An Unholy Alliance: Perceptions of Influence in Insurance Fraud Prosecutions and the Need for Real Safeguards

By Abramovsky, Aviva | Journal of Criminal Law and Criminology, Winter 2008 | Go to article overview

An Unholy Alliance: Perceptions of Influence in Insurance Fraud Prosecutions and the Need for Real Safeguards


Abramovsky, Aviva, Journal of Criminal Law and Criminology


I. INTRODUCTION

For the past three decades, most state legislatures (1) have enacted (2) criminal statutes specifically targeted at deterring insurance fraud. (3) Unlike most criminal statutes, these insurance fraud laws not only delineate the unlawful conduct sought to be deterred, but also generally restrict the scope of potential victims to insurance carriers. (4) The expressed intent of the new legislation was to provide a specific vehicle for the prosecution of those who attempted to or actually filed false, fraudulent, or exaggerated claims with their insurance companies. (5) In addition to deterring future offenders, legislators hoped that these statutes would result in a public benefit of smaller insurance premiums. (6)

Financial fraud prosecutions are complex and frequently expensive, with all jurisdictions dedicating substantial resources to combating white collar crime. Unlike most other criminal prosecutions, insurance fraud prosecutions are increasingly being brought by prosecutors funded separately from the state's general revenues. These prosecutors' salaries are either entirely or in large part paid by monies obtained by direct assessments on the insurance industry. (7) The adoption of this prosecution funding method allows insurance fraud prosecution programs to exhibit the most comprehensive presence of any private industry in the enforcement of relevant criminal laws. (8)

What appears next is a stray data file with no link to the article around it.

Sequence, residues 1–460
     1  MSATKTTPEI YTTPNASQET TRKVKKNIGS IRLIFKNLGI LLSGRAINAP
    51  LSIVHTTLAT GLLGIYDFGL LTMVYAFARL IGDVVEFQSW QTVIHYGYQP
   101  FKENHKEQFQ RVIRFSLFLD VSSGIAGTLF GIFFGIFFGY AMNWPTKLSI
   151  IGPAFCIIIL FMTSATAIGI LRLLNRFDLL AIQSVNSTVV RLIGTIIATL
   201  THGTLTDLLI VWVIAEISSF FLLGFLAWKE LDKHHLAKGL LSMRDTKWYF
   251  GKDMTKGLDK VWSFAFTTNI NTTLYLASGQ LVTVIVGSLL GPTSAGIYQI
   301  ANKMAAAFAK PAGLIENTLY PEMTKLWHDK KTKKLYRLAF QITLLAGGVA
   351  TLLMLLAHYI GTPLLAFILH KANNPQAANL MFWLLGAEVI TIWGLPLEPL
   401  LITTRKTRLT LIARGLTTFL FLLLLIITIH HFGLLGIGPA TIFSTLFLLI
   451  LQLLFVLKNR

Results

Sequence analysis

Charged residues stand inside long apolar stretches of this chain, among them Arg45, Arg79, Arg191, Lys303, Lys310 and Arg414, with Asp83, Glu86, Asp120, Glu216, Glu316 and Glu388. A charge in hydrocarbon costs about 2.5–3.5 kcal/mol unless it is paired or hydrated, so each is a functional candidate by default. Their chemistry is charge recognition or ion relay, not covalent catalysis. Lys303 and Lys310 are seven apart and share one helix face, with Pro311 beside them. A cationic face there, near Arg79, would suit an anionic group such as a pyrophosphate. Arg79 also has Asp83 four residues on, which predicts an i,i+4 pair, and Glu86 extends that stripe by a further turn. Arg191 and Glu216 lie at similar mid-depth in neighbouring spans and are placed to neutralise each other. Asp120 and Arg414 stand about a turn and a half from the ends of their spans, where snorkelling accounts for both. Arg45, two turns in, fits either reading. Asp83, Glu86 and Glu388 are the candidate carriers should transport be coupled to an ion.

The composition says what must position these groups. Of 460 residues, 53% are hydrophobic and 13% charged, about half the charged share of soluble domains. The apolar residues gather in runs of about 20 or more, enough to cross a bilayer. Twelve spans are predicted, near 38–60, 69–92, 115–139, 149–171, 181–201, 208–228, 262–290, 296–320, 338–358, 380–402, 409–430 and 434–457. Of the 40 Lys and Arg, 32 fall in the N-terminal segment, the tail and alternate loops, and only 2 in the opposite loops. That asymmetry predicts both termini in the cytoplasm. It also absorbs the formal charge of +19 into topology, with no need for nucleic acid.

The enforcement of the criminal laws is a public trust. (9) It is generally accepted that criminal defendants are entitled to a certain amount of neutrality and disinterestedness on the part of the prosecutor, particularly as a part of defendant's right to a fair trial. (10) The prosecutor's office is seen as representing the people, and the office seeks justice within the confines of governmental impartiality. (11) As such, it is important to examine these new institutionalized structures and their entwinement with private interests as potential sources of risk to that notion of impartial justice. (12)

Moreover, the consequences of even a perception of improper influence on fraud prosecutions implicate other relevant policy considerations. The existence of statutory schemes which offer even the reasonable inference of injustice, such as perceptions of conflicts of interests, may themselves have undesirable consequences. (13) Attorneys have been criminally prosecuted under these systems for actions undertaken during civil cases adverse to insurance industry financial interests. (14) Such prosecutions, without sufficient prophylactic safeguards, may result in chilling the representation available to claimants and implicate issues of zealous advocacy. (15)

It is well understood that the threat of criminal prosecution is an effective restriction on the bounds of zealousness. As Professor John C. Coffee has recognized, between the alternatives of engaged advocacy or self-preservation from criminal prosecution, the rational lawyer would not likely risk his liberty in favor of his aspirational duty of zealousness. (16) Fear of a non-neutral or otherwise influenced prosecutor implicates issues beyond the prosecution of any specific criminal defendant. (17) Even the mere appearance of influence and the concomitant perceived increased risk of triggering an unjust prosecution have the capacity to affect the availability and efficacy of legitimate advocacy adversely. (18)